Obama Unworried By Market Fluctuations

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President Barack Obama said Tuesday he isn't too concerned about the stock market's "day-to-day gyrations." The comments came after a meeting with British Prime Minister Gordon Brown. Obama said he is confident his economic reforms will work.

MELISSA BLOCK, host:

It was a relatively calm day on Wall Street. The Dow industrials lost only a small fraction of what disappeared yesterday in the wake of the latest AIG news. You may be trying to forget that the market's main indexes, the Dow and S&P 500 are at 12-year lows. Put another way, that's more than 50 percent below their peaks from just a-year-and-a-half ago and the worst bear market decline since 1929.

But, today, at least one voice tried to find a silver lining in all that bad news, suggesting there might be some bargains out there. The tipster's name -Barack Obama.

Here's NPR's John Ydstie.

JOHN YDSTIE: President Obama provided his stock advice during his short photo-op press conference, following a meeting with British Prime Minister Gordon Brown at the White House. The president suggested that what's been going on in the markets is understandable, given that investors are finally absorbing the full extent of the problems in the banking system and the ramifications for the international economy. But then he added this.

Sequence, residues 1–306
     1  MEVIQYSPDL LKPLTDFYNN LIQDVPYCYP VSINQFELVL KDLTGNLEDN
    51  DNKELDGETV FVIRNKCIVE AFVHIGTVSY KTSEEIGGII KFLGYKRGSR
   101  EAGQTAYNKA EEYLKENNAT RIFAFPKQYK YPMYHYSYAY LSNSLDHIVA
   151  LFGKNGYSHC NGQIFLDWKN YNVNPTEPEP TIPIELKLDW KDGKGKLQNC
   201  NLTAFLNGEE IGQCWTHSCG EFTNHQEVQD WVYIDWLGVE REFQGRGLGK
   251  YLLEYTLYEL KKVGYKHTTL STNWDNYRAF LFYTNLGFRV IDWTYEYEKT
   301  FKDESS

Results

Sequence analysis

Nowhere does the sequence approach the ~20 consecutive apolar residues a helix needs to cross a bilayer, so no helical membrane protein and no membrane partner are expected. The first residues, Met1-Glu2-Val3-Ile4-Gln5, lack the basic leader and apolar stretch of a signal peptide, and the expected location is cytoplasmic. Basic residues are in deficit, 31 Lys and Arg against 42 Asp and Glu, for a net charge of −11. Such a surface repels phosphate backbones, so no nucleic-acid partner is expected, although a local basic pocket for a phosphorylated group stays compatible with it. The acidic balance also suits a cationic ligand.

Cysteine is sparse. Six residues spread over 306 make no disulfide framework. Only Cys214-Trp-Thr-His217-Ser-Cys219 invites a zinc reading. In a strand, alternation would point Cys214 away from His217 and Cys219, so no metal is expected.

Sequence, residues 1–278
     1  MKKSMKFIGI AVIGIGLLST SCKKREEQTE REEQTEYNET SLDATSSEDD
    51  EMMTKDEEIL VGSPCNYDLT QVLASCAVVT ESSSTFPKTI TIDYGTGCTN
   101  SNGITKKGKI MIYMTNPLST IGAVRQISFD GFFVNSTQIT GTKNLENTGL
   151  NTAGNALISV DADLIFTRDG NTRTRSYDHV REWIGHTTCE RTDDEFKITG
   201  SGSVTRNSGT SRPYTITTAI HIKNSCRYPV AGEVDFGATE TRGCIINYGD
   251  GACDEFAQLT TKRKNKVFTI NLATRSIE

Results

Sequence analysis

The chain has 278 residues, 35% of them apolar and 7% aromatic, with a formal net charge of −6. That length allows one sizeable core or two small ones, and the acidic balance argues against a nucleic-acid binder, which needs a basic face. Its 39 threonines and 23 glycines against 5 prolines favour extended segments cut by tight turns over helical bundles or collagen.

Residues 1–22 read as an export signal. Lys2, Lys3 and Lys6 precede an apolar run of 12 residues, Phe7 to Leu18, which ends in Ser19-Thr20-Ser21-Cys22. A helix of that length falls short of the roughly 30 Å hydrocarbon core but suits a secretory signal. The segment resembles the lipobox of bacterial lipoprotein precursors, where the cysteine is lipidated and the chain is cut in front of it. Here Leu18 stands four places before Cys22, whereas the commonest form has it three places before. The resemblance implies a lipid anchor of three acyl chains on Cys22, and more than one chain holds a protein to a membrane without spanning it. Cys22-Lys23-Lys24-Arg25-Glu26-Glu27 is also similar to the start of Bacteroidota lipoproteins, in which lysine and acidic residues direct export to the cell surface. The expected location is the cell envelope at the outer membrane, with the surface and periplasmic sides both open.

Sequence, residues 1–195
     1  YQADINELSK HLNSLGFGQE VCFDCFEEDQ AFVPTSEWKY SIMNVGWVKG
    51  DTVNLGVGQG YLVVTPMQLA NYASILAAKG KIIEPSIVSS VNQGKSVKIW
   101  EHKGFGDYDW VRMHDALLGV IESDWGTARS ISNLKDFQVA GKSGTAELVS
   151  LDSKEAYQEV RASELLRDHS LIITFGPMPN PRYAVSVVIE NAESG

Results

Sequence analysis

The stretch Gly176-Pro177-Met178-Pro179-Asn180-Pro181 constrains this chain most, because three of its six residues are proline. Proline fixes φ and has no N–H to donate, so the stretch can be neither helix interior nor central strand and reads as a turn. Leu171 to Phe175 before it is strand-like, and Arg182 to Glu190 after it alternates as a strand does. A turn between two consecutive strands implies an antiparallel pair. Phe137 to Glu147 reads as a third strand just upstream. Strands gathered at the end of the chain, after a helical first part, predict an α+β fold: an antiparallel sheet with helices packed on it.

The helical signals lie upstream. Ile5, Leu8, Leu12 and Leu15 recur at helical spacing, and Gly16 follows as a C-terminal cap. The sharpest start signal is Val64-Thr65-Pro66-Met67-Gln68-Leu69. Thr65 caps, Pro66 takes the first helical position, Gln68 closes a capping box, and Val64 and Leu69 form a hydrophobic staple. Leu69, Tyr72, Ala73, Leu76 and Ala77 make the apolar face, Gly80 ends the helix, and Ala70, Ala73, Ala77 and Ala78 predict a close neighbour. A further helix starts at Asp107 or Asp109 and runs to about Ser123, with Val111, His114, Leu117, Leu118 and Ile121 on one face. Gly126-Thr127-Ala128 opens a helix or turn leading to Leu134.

President BARACK OBAMA: What you're now seeing is profit and earning ratios are starting to get to the point where buying stocks is a potentially good deal if you've got a long-term perspective on it.

YDSTIE: But despite his recommendations, stocks ended down for the day. Nevertheless, the president said he is confident the policies he's putting in place will work and help the U.S. economy and the world economy regain their footing. And though he touted stocks for the long haul, the president suggested he wouldn't look at the day-to-day gyrations of the market to judge his success.

Pres. OBAMA: You know, the stock market is sort of like a tracking poll in politics. It bobs up and down day-to-day and if you spend all your time worrying about that, then you're probably going to get the long-term strategy wrong.

YDSTIE: Sitting next to the president, Prime Minister Brown echoed the president's words about weak banks undermining the global economy and the need for countries to cooperate to put in place new regulations to avoid future meltdowns.

Prime Minister GORDON BROWN (United Kingdom): And that's why we're looking ahead to the G-20 in London in April because a bad bank anywhere can affect good banks everywhere. So we've got to root out the problems that exist in other parts of world, as well. Set principles for the banking system for the future and make sure that the banks subscribe to lending agreements where they actually increase the lending that is available to citizens in every country.

YDSTIE: Brown went on to say that there is the possibility in the next few months for what he calls a global New Deal that will involve all of the countries of the world in sorting out the banking system's problems. Testifying on Capitol Hill today, Federal Reserve Chairman Ben Bernanke said he did not foresee a global regulator, but rather countries producing compatible regulatory frameworks. In separate testimony today, Treasury Secretary Timothy Geithner offered a few more hints about how the government intends to address the toxic asset problem that's at the heart of the banking crisis.

He said the administration has a plan that would encourage private investors to buy assets with some backing from the government. Full details on the plan are yet to come and are eagerly awaited by investors and the banking community.

John Ydstie, NPR News, Washington.

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